“The Sell Sider” is a column written for the sell side of the digital media community.
Today's column is written by Chris Kane, founder at Jounce Media.
Marketers who measure website traffic, online sales, app installs or even offline sales all take a fundamentally similar approach to attribution.
For each conversion event, they capture a user ID and they then look for prior impressions served to that same user ID. There's lot of fancy math you can put on top of these systems, but they are all underpinned by an assumption that you can track a reasonably persistent user ID over time, linking the conversion event with prior ad exposure.
For some media companies, this system works nicely.
Allrecipes.com, for example, is naturally suited to be measured accurately by ecommerce marketers. The cookie ID associated with an impression on allrecipes.com is the same one that is associated with a subsequent sale on the marketer's website. Similarly, The Weather Channel app is naturally suited to be measured accurately by app-install marketers. The mobile ad ID associated with the impression in The Weather Channel app is the same one that is associated with a subsequent app install.
But many media companies have attribution blind spots. Their inventory's true performance is underrepresented in marketer attribution systems because the IDs associated with impressions incorrectly appear to be different from the IDs associate with sales. These attribution blind spots accrue lots of cost, but no conversions.
To account for these blind spots, the most accurate measure of a publisher’s ROI considers only the cost of impressions that are eligible for attribution. The simplest version of this math looks something like this:
But most attribution systems calculate ROI like this:
The bigger the attribution blind spot, the more this ROI arithmetic incorrectly penalizes the media company. And attribution blind spots vary wildly across media companies – from as low as 1-2% to as high as 95%.
Here are the four most common attribution blind spots I have observed in work with brands:
Lots of ink has already been spilled on Apple’s Intelligent Tracking Prevention program and the possible workarounds for achieving cookie stability in Safari. In spite of the occasional ad tech boast that “we’ve solved Safari,” media companies should assume that advertiser measurement systems do not properly assign post-view conversion credit to impressions served on a Safari browser.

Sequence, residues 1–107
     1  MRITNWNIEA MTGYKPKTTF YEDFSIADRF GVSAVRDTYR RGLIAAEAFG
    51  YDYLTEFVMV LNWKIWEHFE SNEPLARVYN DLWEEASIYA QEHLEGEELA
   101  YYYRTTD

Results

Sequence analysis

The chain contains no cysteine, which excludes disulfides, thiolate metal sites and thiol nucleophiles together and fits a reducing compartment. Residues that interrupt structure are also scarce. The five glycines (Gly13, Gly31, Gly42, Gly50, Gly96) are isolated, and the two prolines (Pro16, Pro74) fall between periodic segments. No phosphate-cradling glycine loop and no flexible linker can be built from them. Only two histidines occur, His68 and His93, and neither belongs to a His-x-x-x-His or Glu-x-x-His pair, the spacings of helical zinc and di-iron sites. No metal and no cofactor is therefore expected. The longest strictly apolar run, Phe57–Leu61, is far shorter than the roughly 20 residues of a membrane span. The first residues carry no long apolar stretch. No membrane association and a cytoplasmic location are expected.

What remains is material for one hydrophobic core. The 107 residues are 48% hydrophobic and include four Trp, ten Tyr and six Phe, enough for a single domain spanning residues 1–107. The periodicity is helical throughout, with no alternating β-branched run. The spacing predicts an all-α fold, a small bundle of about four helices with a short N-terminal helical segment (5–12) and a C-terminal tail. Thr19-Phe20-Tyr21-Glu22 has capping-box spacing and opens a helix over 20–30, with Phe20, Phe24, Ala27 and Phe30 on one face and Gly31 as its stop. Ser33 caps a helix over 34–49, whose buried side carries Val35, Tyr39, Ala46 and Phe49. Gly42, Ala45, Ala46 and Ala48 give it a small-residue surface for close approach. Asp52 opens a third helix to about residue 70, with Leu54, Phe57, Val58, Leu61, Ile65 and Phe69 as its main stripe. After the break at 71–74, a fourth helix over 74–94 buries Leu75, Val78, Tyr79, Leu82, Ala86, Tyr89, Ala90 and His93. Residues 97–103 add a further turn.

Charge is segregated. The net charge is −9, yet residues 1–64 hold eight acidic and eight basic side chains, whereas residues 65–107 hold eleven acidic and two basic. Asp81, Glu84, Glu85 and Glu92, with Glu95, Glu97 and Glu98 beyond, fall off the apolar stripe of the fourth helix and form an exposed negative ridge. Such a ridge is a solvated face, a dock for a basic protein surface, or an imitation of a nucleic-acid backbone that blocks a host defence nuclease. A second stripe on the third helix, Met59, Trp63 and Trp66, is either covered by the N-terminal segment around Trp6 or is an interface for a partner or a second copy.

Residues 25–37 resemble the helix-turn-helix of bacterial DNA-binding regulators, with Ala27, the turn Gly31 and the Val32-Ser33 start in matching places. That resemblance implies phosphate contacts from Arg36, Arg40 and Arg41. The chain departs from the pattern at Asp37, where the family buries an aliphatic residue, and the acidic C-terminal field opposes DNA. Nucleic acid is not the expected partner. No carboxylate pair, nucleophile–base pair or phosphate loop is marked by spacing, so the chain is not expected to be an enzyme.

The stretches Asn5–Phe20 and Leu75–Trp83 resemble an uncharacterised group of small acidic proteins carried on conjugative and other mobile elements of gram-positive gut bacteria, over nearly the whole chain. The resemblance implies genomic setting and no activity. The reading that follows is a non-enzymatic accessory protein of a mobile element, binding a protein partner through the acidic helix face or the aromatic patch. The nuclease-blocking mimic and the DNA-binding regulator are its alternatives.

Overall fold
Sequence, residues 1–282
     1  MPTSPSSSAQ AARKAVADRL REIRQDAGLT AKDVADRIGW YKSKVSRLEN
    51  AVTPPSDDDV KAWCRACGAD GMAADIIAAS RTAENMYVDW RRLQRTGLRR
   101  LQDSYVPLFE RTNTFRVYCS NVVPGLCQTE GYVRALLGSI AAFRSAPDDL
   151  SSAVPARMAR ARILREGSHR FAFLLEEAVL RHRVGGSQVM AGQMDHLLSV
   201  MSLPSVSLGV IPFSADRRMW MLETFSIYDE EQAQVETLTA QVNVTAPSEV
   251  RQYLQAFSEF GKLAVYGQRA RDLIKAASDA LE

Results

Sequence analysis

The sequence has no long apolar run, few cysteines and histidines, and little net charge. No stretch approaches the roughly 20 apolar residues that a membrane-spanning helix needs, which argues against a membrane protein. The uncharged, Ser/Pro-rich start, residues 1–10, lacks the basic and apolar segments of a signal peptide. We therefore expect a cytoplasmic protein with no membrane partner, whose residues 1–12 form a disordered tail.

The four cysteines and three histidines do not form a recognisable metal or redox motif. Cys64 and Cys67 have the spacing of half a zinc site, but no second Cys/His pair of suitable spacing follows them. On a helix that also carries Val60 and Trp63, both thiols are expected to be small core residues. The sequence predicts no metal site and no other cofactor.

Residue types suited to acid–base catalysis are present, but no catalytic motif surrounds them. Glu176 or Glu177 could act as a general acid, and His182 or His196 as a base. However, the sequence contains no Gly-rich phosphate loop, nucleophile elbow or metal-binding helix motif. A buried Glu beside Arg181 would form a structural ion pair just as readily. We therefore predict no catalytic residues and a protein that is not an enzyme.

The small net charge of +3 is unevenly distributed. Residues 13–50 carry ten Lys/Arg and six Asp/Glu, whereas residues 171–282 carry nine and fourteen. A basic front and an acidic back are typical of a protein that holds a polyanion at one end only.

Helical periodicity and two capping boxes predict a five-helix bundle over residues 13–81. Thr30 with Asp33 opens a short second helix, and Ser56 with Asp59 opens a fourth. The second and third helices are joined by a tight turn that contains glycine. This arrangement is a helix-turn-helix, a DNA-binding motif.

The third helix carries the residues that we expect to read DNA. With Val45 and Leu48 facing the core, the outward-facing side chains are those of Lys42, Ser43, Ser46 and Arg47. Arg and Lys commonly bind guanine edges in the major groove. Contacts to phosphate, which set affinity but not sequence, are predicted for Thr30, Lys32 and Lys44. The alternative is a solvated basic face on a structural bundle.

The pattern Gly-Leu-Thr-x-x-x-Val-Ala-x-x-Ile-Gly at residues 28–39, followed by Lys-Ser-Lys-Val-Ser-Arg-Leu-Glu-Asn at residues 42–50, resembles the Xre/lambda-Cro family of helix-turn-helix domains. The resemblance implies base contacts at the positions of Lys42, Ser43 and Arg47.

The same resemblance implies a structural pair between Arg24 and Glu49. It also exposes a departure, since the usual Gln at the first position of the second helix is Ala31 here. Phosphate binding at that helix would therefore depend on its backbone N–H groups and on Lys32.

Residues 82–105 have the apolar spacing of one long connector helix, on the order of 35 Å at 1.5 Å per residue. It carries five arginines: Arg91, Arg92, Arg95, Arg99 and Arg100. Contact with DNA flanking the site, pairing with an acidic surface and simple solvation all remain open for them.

DoubleClick, to its credit, does provide estimated Safari conversions to marketers, and brands who leverage that feature take a smart step toward correcting for attribution blind spots, but most marketers are severely undercounting the value of Safari inventory.
This is another source of spilled ink, and another area where DoubleClick is doing good work to help marketers correctly measure the impact of app impressions on website sales or web impressions on app installs. But cross-device reporting isn’t enabled by default in standard DoubleClick attribution reports.
And even when marketers do inspect cross-device conversion paths, DoubleClick’s identity mapping is incomplete, particularly for connected TV inventory. Non-DoubleClick attribution systems that rely on cobbled-together identity graphs have an even more spotty understanding of cross-device conversion paths.
3. Non-disclosed MAIDs
Now here’s one that every media company can fix. App inventory is a bit more complex to measure than web inventory because tracking systems don’t automatically detect the presence of a cookie. Instead, the media company must supply a mobile ad ID (MAID) for each impression.
Without this MAID, the impression is associated with userid=0. User zero accumulates enormous impression volumes and cost, but never converts – a classic attribution blind spot. There may be a few media companies for whom sharing MAIDs creates a meaningful data leakage risk, but these cases should be the exceptions, not the rule.
4. Cookie islands
The most challenging attribution blind spots occur when an ad tech measurement system accesses a cookie jar that is isolated from the user’s primary web browser. These cookie islands live in web views, such as referrals from Twitter, LinkedIn or Pinterest, and desktop apps, including Skype, Spotify or Outlook. The ad tech measurement system records a cookie ID, but that cookie ID never converts. And because there is such scarce user behavior associated with these cookie islands, they rarely get merged into cross-device ID maps.
As I’ve said in previous columns, ad spend doesn’t necessarily flow toward performant inventory – it flows toward measurable inventory. I argued back in 2016 that publishers need to embrace open measurement, and I continue to think that’s necessary. But it’s not sufficient.
Publishers need to take a much closer look at their inventory to identify their attribution blind spots, correct them where possible and educate marketers on how to properly account for the blind spots that remain.